Avatar photo

By Cornelia Le Roux

Digital Deputy News Editor


‘Equal law for all’ – Solidarity targets govt in BEE legal challenge

Solidarity is gearing up for a court battle to have the latest amendments to BEE and transformation legislation overturned.


Solidarity announced this week that it has served court summons on President Cyril Ramaphosa, the Department of Employment and Labour, as well as its minister Thulas Nxesi, disputing the constitutionality of the country’s new BEE and transformation laws.

The trade union’s Labour Court bid follows the president signing the Employment Equity Amendment Bill of 2020 into law on 12 April. The labour department anticipates that the new transformation laws will be effective from 1 September 2023.

Solidarity: Contempt of international labour conventions, Constitution

In its court papers, Solidarity states that the latest amendments to the Employment Equity Act do not adhere to international labour conventions. It further argues that by signing off on the amended laws, the government is guilty of being in contempt of such conventions, as well as South Africa’s Constitution.

ALSO READ: Five months later: Dis-chem’s no-whites letter hits retail pharmacy group

New BEE legislation gives minister ‘draconian powers’

  • The new Employment Equity Act empowers the labour minister to set employment equity targets for economic sectors and prescribe targets for demographics in companies with more than 50 employees.

“This legislation gives the minister draconian powers regarding race. He can now in specific sectors commit race manipulation at a central level. This is the most radical race legislation in the world,” commented Solidarity CEO Dr Dirk Hermann.

ALSO READ: New BEE bill to face legal hurdles

  • It further obliges employers to present employment equity plans and yearly progress reports on their achievement of set targets.
  • The Department of Employment and Labour has indicated that those who fail to comply, will face legal penalties, including fines.
  • Companies seeking to do business with the government will also need a certificate of compliance from the department.

Solidarity: Main concerns in court papers

In its court papers, Solidarity raises the following concerns:

  • The act entrenches the “categorisation of employees and applicants for employment according to race and reinforces apartheid-era race classification by essentially imposing a quota-based regime”.’
  • The act over-empowers the labour minister by enabling him to enforce “top-down quotas, rather than to implement employment equity targets devised by employers after consultation with their workforce”.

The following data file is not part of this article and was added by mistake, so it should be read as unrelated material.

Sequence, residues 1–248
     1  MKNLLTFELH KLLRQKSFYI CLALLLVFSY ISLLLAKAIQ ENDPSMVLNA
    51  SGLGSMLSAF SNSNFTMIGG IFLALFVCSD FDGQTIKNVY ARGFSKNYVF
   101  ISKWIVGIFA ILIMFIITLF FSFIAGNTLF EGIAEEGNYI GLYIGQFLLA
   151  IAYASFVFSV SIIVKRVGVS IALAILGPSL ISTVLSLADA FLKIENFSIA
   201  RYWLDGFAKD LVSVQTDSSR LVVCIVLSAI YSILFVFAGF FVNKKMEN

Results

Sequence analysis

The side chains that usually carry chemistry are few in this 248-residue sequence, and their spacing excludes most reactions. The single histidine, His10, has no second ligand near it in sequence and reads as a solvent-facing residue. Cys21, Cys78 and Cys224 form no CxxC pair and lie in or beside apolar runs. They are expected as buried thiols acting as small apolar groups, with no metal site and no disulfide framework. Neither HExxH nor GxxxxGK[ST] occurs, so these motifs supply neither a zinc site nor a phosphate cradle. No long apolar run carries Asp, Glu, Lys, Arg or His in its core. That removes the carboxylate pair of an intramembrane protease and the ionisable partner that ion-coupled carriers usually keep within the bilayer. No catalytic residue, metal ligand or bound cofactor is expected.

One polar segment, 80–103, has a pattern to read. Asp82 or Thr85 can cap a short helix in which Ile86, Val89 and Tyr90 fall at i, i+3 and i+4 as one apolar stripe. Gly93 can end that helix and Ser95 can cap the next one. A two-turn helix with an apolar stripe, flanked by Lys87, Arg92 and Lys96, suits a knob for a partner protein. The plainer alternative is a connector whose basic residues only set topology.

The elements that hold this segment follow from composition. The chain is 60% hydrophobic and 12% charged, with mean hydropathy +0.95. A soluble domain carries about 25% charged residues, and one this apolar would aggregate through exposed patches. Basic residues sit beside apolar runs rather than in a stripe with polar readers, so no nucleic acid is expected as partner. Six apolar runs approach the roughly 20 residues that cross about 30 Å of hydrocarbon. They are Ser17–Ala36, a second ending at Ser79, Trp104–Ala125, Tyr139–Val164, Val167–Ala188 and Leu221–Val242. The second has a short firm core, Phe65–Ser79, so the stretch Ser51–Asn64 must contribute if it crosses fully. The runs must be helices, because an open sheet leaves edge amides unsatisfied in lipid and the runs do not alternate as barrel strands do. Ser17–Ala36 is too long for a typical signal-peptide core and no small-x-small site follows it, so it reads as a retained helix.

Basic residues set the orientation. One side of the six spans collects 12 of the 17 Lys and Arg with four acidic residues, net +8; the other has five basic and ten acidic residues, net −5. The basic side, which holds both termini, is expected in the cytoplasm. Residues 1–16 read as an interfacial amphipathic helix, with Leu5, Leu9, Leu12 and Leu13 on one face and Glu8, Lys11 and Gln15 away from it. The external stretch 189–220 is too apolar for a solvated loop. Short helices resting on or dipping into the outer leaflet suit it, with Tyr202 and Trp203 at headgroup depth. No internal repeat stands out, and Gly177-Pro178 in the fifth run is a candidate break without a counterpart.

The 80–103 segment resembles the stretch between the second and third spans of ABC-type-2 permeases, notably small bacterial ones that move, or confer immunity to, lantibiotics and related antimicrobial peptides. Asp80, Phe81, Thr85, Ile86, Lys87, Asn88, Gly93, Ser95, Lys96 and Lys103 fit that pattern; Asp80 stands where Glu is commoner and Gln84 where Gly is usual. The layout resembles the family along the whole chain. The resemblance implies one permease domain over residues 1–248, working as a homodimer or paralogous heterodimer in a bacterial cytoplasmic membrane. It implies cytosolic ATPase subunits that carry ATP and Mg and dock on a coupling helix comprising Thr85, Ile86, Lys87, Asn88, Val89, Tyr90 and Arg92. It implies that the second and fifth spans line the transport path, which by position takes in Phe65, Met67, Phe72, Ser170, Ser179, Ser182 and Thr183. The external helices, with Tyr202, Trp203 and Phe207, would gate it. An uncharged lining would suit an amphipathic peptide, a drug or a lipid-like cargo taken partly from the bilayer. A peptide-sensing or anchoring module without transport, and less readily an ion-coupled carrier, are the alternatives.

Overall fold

• According to the union, these powers essentially undermines the nuanced approach to affirmative action as outlined in the country’s Constitution.
  • Solidarity also argues that the law is inconsistent regarding the republic’s responsibilities in terms of international law.

New BEE and transformation laws: No flexibility in targets

Prior to the amendment, the act provided employers with some flexibility in setting their own targets in their employment equity plans.

According to the union, the new act removes this flexibility because the numerical goals set by an employer must now comply with the targets specified by the labour minister.

‘The government is race crazy’

Solidarity further noted that the act’s more aggressive employment equity framework is in contravention of the International Convention on the Elimination of All Forms of Racial Discrimination (ICERD) under the United Nations (UN).

“The government is race crazy. This law has got nothing to do with equality. It is oppression. There is no need to be patient with the oppressors. We are loading the cannons. We will tackle this insane race law and Eskom’s black empowerment requirements in court before the end of the year and will appear before the United Nations,” Herman added.

International process could be big breakthrough

Solidarity revealed that it reported the government in terms of Convention 111 of the International Labour Organisation (ILO) in Genève, Switzerland, for what the union calls “race madness”. The ILO is an agent of the United Nations (UN).

“This will be a big breakthrough of enormous symbolic value and it will be the first time since 1994 that the government is subjected to an international process,” Herman concluded.

Take a look at the court papers HERE.

Access premium news and stories

Access to the top content, vouchers and other member only benefits